Tick, Tick… Boom! is one of many film adaptations inspired by musicals and this one sheds light on the creative process and its struggles of the musical’s writer and subject, Jonathan Larson (Andrew Garfield). Larson was known for writing the musical Rent which is one of the most popular and loved by people across the world. What people may not know is how Larson struggled to make it big in the musical theatre world which is what Tick, Tick… Boom! explores. The musical follows Larson who is trying to get his new musical approved and funded by respected members in the Broadway community including figures like Stephen Sondheim (Bradley Whitford). The musical in itself is brilliant and acts as a fantastic tribute to the world of musical theatre and the people who helped build it to what it is now.
When deciding to adapt the musical, it seems only natural that Netflix would choose someone who is just as prolific in the musical theatre world and who else to choose than the incredibly talented Lin-Manuel Miranda. The mind behind In the Heights and Hamilton and songwriter for Moana and Encanto, Tick, Tick… Boom! marks Miranda’s directorial debut and he delivers, marking his talent behind the camera with a stunning debut. Miranda’s passion for the musical and its subject is evident and it comes across in how he captures Larson’s perspective of the world and the magic and imagination of musical theatre with contrasts of the reality that Larson is living as he struggles to afford his rent and bills and is losing friends to HIV and AIDS amidst the epidemic. Miranda transports us to early 1990s New York and combines the original musical format that sees Larson and his costars perform onstage and recite the stories in a traditional setting with stagings of the events to keep it equally gripping.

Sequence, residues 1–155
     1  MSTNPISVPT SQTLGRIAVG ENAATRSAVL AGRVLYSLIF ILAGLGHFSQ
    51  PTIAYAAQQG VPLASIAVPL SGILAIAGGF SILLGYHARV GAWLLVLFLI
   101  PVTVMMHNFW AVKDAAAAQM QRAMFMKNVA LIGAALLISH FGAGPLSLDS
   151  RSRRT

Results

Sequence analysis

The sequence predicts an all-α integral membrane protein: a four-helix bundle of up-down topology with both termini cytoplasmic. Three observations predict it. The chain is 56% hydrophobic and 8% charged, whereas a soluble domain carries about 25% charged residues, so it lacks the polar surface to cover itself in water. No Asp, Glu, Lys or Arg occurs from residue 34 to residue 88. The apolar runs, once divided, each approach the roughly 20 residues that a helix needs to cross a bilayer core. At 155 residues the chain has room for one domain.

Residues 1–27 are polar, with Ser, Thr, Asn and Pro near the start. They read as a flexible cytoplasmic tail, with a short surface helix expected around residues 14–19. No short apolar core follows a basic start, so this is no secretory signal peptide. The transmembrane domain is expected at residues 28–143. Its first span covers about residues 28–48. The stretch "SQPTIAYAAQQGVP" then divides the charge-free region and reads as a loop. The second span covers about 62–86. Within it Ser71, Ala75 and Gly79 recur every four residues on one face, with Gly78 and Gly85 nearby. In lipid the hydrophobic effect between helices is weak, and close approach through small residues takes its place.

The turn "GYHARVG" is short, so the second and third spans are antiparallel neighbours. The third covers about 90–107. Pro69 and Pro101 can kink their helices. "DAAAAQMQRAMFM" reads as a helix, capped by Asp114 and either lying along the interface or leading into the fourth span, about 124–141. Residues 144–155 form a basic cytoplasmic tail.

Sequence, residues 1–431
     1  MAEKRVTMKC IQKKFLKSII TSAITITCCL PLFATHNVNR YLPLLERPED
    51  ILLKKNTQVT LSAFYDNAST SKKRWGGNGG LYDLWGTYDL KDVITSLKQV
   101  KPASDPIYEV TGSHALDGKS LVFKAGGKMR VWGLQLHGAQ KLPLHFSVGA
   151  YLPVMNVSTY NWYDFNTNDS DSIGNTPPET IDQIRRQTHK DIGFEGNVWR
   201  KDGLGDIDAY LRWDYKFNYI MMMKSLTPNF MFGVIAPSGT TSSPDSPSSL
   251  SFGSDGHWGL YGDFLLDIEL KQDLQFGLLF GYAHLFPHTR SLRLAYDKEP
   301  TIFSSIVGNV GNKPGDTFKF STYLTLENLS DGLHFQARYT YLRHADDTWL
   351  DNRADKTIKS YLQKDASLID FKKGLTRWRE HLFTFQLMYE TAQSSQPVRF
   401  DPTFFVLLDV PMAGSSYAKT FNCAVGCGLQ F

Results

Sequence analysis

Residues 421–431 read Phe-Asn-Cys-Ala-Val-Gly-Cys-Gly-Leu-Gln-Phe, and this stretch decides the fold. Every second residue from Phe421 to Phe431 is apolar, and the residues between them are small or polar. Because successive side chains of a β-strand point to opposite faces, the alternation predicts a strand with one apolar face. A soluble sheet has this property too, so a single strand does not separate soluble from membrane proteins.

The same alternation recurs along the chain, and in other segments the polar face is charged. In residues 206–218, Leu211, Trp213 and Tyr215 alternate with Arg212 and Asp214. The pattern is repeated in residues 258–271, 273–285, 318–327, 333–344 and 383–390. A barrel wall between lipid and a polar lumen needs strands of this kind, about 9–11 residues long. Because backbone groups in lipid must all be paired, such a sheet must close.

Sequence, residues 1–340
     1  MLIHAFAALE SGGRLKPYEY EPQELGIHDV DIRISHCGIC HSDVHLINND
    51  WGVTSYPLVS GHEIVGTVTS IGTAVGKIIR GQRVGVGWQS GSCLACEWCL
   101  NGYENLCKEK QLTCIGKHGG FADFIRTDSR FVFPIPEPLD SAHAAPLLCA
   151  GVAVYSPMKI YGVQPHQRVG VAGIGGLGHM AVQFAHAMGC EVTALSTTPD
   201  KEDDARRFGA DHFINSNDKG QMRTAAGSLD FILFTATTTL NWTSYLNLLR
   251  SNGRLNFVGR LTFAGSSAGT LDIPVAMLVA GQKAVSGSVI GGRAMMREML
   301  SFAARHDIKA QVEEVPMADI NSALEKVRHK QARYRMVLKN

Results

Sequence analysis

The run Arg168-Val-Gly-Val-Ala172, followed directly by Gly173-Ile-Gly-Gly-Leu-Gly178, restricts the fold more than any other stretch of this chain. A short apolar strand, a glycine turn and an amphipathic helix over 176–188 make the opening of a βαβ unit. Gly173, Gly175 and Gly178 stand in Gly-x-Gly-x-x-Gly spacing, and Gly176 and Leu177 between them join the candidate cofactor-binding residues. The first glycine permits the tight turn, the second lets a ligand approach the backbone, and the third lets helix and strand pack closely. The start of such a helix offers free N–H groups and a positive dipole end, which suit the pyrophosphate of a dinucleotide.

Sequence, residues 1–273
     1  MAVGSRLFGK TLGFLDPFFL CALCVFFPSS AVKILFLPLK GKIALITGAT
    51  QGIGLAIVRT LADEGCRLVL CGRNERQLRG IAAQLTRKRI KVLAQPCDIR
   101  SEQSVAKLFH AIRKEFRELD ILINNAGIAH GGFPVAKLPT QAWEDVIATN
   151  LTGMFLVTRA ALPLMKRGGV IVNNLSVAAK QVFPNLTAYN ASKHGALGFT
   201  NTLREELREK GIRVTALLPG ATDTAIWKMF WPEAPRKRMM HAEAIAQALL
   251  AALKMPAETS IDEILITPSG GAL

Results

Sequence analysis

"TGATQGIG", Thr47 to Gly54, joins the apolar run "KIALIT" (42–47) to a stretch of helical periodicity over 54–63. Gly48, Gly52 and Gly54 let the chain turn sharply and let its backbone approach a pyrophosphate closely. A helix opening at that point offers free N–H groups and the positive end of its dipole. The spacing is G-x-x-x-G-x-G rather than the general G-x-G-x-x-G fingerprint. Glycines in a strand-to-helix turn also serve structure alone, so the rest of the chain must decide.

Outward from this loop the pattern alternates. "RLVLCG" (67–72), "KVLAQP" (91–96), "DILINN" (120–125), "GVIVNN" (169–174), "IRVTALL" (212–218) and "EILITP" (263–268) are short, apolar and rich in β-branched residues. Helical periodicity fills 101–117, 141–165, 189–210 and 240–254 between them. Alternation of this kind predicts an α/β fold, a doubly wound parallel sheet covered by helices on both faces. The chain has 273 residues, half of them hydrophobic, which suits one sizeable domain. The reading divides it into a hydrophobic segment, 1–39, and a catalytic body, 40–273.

There is no doubt that this film belongs to Andrew Garfield who is captivating and perfect for the role of Larson. Arguably Garfield’s career best performance and one that is sure to bring him a lot of attention this award’s season, his portrayal of Larson feels well-rounded and fully realised. He doesn’t always make the smart choices but his intentions are pure as his passion for music and musical theatre thwarts his love for everything else and we get to see the rewards and consequences of this. We feel the elation as Larson gets closer to achieving his goals such as his promising interactions with Stephen Sondheim while also witnessing the losses and downfalls as he comes to terms with the deaths of his friends with scenes such as his emotional encounter with best friend Michael (Robin de Jesús) who has recently discovered that he is HIV-positive. Garfield is magnetic from the first shot to the last and makes use of every scene in between. Not only does he pull off the performance fantastically but his singing voice is brilliant as well which makes it a great watch.